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Affordable Technology Found for Students at Patrick Henry

The computer cost savings are called astronomical.

[From School Board Member Tamar Galatzan]

Thirteen years ago, Dana Dahl, Patrick Henry Middle School’s computer teacher and technology coordinator, created a five-year plan to replace the school’s technology equipment. The challenge: to build a strong, sustainable technology program with a small and ever-decreasing budget.

Hers is the same challenge being played out across the district at hundreds of schools.

With the help of the school’s technology committee and former administrator Michael Bennett, Dahl sat down and looked at the facts. She quickly realized it would be too costly to replace the teachers’ Mac Minis that were fast becoming outdated, or to continuously replace the batteries of all of the laptops every two years. At times it cost the school $5,000 to replace the laptop batteries in one computer cart—something they could ill afford. She also began to think laptops might not be the best investment for the school, because keys could fall off, and the laptops could get damaged because they were constantly moved from classroom to classroom in a single day.

Dahl started researching cost-effective alternatives. It was then that she stumbled upon tiny devices that have literally transformed the way technology is delivered at Patrick Henry Middle School – Ncomputing thin clients.

Essentially, so-called “thin clients” are square devices about the size of a CD case that are attached to the back of each computer monitor. These thin clients enable a single computer tower to run multiple monitors.  During the first year, Dahl connected 40 monitors to six computer towers.  It worked! By the second year, Dahl had found a way to hook up 10 monitors to each computer tower. This technology allows 10 students to log on to their computers, open up their web browsers, type their reports, and use software to work on different projects, even though their monitors are all hooked up to the same computer tower. 

The savings were astronomical.

As the district scrambles to get technology into every school in an effort to administer the Common Core Testing on-line by 2014, district staff are searching for fast and affordable ways to get computers into the hands of every student. Is NComputing one solution?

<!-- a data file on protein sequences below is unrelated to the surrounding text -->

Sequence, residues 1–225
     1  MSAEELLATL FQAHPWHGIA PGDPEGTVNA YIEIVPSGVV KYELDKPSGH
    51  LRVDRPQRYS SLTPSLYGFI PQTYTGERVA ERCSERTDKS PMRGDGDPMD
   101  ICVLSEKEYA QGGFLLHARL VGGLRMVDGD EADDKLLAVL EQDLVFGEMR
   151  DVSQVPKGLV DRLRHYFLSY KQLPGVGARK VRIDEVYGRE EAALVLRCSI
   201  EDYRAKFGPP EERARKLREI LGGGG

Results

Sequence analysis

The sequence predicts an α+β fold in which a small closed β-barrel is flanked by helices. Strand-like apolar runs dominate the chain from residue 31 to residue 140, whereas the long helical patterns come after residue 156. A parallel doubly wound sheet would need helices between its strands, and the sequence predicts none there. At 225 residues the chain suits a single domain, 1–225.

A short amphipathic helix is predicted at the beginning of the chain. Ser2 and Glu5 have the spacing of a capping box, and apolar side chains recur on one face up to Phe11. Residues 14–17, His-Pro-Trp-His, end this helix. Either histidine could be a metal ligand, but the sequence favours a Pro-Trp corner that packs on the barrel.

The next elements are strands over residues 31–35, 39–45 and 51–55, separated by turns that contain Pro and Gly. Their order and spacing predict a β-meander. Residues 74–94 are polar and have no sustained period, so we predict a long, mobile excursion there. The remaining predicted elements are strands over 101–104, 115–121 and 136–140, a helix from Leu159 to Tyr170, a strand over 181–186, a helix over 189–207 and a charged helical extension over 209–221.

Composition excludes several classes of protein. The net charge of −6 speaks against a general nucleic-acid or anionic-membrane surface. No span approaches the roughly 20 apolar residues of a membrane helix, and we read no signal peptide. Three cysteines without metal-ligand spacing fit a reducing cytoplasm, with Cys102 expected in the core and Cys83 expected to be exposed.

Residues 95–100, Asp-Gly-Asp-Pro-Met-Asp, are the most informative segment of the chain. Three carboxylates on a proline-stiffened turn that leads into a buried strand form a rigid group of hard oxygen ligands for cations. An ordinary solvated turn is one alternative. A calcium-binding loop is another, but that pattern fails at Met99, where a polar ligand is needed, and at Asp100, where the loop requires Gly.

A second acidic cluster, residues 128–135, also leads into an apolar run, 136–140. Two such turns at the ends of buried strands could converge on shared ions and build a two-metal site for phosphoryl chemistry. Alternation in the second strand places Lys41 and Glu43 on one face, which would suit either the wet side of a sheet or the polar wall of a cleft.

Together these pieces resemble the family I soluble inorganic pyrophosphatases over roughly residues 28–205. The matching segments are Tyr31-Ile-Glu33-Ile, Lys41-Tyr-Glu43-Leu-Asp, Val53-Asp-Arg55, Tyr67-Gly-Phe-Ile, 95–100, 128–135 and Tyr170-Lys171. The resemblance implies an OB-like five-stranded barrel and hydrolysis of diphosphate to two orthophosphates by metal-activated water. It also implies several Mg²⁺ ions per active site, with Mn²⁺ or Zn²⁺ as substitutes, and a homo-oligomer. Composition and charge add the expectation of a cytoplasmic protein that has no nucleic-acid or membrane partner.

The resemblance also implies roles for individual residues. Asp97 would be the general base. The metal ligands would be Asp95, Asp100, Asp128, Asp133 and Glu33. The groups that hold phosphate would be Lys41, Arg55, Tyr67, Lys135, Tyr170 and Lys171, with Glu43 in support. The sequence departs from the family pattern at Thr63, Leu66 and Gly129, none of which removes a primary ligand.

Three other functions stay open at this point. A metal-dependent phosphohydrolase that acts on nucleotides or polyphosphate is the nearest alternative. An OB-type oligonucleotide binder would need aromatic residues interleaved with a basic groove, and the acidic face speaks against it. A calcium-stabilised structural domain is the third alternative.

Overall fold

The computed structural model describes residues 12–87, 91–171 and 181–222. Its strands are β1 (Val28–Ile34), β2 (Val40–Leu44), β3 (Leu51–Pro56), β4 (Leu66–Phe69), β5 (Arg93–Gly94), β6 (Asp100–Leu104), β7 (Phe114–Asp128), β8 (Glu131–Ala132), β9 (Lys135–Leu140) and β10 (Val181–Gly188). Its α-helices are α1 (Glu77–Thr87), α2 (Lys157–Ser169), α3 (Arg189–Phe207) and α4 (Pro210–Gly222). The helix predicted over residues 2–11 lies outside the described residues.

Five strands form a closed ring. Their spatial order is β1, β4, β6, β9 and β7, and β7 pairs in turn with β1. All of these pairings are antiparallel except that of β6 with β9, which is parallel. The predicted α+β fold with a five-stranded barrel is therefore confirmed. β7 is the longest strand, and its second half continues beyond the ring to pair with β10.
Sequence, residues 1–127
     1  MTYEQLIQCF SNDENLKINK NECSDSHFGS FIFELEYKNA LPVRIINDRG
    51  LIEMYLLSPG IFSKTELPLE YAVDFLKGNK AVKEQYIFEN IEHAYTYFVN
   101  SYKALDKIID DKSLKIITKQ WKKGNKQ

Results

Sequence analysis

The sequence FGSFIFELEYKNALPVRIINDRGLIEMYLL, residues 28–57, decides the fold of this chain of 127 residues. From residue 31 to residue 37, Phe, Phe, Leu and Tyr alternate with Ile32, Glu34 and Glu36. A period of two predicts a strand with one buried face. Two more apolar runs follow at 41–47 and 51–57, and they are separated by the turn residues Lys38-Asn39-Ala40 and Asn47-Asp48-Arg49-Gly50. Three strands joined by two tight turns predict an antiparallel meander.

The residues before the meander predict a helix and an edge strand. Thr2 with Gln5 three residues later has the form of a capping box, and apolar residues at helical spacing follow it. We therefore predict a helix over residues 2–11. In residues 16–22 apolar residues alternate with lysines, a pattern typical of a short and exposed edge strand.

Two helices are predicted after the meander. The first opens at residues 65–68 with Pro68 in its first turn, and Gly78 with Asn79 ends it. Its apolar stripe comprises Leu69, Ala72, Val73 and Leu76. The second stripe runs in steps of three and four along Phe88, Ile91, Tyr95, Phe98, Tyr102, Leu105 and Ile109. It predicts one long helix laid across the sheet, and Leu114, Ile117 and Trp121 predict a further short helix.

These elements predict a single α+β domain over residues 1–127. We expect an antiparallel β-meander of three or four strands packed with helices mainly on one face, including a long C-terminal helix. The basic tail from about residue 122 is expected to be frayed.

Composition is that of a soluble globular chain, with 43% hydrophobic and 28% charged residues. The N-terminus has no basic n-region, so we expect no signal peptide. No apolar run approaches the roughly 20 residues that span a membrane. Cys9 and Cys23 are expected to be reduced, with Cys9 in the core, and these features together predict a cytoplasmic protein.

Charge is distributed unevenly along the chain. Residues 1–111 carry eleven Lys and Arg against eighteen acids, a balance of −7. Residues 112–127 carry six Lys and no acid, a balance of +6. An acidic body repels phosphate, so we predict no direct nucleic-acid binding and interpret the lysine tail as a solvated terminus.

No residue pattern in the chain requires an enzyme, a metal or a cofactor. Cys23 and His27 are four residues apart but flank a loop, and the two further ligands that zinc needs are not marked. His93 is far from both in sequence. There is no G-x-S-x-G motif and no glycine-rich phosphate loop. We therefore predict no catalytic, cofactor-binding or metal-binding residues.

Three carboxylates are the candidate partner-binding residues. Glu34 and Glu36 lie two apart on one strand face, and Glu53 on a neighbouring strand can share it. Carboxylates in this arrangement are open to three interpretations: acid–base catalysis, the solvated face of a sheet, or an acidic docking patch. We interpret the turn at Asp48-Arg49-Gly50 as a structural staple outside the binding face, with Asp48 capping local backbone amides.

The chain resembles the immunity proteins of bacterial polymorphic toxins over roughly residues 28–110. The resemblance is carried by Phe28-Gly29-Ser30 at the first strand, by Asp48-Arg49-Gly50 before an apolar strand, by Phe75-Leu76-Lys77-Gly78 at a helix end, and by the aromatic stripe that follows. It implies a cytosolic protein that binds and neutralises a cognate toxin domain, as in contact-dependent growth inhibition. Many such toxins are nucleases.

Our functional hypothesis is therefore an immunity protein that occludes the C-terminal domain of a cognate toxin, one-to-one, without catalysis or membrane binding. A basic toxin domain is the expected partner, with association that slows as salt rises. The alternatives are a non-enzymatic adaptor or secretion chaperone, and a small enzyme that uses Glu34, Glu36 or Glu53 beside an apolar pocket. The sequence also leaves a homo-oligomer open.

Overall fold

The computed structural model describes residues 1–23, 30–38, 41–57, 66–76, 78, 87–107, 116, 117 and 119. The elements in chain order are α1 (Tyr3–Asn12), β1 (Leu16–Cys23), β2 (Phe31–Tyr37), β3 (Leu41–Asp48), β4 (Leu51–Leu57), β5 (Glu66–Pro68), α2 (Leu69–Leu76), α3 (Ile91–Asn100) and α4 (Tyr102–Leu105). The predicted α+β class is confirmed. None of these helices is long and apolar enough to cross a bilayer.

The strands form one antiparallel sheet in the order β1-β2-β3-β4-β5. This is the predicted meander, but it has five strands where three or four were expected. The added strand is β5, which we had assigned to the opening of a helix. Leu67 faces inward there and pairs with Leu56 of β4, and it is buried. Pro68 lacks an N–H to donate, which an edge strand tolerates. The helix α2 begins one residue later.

This fall, the district helped set up NComputing at Angeles Meza Elementary School in Hyde Park.

The district’s Information Technology Division is working closely with the school to evaluate the technology.  The division is also currently training computer technicians to support schools that already use thin clients to deliver their technology, according to Jairo Tzunun, the district’s Information Technology Business Efficiency Analyst.

At Patrick Henry, meanwhile, teachers and administrators continue to pioneer the use of the thin clients on their own.

Currently, there are between 100-150 thin clients school wide. By the end of the year that number will

increase by 50-80 more. All of these thin clients—and the monitors they are attached to—are linked to 17 computer towers.

Last year, Ryan Morten, a teaching assistant and aspiring technology coordinator, set up teachers’ computers to these thin clients.  By the end of this school year, Dahl and Morten expect to have one computer tower running all of the teachers’ computers in the entire school.  Dahl and Morten also plan to create video libraries for Patrick Henry’s teachers, so that teachers can view and share instructional videos, programs, and resources with each other.

Both emphasize the importance of having an on-site technology support person at the school to provide maintenance and support.

But no one can deny the thin clients save considerable time and maintenance costs.  With this technology, a support person can service a single computer tower instead of spending countless hours going into multiple classrooms to provide maintenance support. Additionally, Dahl said she can save the school thousands of dollars by investing in the thin clients for a full computer lab, rather than buying a classroom set of laptops, iPads, or Mac Minis.

“Our program is constantly evolving and we are struggling to keep afloat given the current funding situation,” said Dahl. “We have maximized our technology with these thin clients, but we still have expenses.”

Dahl and Morten are proud of what they have done to increase access to technology among students.  Technology gets kids excited to learn.

“The kids love technology and they love to talk about technology,” said Morten. “It’s very rewarding to see the things the students are doing with the technology I am supporting.”

Already word is spreading among nearby schools. The school welcomes visiting schools that are also looking to improve their technology program in a cost-effective way.

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